Review of Sval [12k1059]

All Music (.COM)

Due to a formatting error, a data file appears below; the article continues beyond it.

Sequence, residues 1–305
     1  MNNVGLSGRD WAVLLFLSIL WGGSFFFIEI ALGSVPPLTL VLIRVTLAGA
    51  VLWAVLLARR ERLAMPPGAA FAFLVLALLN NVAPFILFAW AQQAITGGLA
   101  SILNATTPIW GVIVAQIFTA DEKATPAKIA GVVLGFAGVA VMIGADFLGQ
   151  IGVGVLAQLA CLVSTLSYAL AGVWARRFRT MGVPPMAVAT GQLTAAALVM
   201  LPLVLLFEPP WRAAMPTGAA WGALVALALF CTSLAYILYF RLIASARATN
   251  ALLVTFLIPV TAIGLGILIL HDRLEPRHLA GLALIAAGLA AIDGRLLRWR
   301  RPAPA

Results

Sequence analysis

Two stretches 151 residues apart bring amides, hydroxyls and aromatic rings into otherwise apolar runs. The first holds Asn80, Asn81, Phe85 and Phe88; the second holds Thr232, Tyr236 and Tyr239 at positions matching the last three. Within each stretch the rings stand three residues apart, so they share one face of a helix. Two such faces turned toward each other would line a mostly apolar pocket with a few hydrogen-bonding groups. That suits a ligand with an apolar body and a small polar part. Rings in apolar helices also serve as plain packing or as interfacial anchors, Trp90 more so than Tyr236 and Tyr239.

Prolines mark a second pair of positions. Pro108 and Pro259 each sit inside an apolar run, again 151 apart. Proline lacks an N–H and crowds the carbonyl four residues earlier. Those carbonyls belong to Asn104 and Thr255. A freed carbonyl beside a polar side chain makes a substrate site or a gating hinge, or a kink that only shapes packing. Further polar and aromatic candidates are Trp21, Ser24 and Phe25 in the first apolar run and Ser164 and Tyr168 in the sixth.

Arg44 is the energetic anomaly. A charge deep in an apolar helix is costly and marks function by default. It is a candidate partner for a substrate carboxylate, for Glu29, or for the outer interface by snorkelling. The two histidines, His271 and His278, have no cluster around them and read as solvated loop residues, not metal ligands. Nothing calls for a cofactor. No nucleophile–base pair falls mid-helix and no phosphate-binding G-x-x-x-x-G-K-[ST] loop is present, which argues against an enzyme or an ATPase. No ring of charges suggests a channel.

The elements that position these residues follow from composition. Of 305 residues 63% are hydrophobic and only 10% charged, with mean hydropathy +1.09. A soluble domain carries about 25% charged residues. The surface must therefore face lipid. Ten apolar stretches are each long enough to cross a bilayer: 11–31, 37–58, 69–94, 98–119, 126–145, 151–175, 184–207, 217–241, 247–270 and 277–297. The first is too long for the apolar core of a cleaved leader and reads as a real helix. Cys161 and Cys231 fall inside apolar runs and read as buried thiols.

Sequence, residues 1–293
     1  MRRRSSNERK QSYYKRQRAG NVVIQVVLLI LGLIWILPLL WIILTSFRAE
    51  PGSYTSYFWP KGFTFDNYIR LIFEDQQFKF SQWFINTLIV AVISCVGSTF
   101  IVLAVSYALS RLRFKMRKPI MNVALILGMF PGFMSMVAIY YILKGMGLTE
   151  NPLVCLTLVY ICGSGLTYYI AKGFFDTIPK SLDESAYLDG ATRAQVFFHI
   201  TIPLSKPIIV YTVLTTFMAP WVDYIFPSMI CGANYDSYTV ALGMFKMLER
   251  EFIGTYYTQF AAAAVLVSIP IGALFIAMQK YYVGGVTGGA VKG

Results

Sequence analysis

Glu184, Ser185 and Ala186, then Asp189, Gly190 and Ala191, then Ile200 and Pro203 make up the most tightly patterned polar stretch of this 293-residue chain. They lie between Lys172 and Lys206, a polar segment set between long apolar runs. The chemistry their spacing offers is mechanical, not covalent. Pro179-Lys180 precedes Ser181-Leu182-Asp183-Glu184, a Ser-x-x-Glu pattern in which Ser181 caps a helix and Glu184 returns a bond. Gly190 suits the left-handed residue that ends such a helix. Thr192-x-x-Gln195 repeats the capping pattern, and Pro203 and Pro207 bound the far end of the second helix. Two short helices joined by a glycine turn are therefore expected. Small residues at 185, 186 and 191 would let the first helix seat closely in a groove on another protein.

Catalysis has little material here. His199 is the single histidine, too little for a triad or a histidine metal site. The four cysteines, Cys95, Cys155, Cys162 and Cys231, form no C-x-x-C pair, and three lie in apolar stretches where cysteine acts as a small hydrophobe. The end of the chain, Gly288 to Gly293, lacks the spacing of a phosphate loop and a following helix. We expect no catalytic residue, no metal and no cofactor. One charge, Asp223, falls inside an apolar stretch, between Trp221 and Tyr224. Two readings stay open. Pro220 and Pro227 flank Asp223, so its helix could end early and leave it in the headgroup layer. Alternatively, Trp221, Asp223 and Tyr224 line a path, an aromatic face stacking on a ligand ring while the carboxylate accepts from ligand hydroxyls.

Following up on the debut album Sart (2007, also released by 12k), Sval is a gorgeous, entrancing work of ambient electronica. In the course of 12 tracks that (mostly) segue and (all) flow as a continuous piece, Sval takes us through a lot of pastures and styles, while retaining a commanding level of cohesion and consistence, thanks to a sound palette that never leaves the blue spectrum. Feelings of winter, wind, wide spaces, and cold prevail — like watching light play off snow-covered landscapes. The album starts in a vintage German electronic music style, but moves occasionally toward more beat-driven chill-out ambient electronica here, experimental ambient and dub there, and Icelandic territory on one particular track (“Dis,” with its guest vocalist Elisabeth Lahr, strongly evokes the soundworld of Jóhann Jóhannsson). Rune Sagevik and Jostein Dahl Gjelsvik manage to blend the listener-friendly straightforwardness of ambient electronica with the genre-pushing edginess of a more experimental artistic approach. Parts of Sval may sound a little “easy” for a release on 12k, but behind the occasional beat or melody lies rich experimental drone textures. In fact, the album could be described as a cross between Klaus Schulze and Lawrence English (especially his For Varying Degrees of Winter). It’s a perfect piece of work, the kind that can become a gate to welcome new listeners into the field of experimental ambient music.

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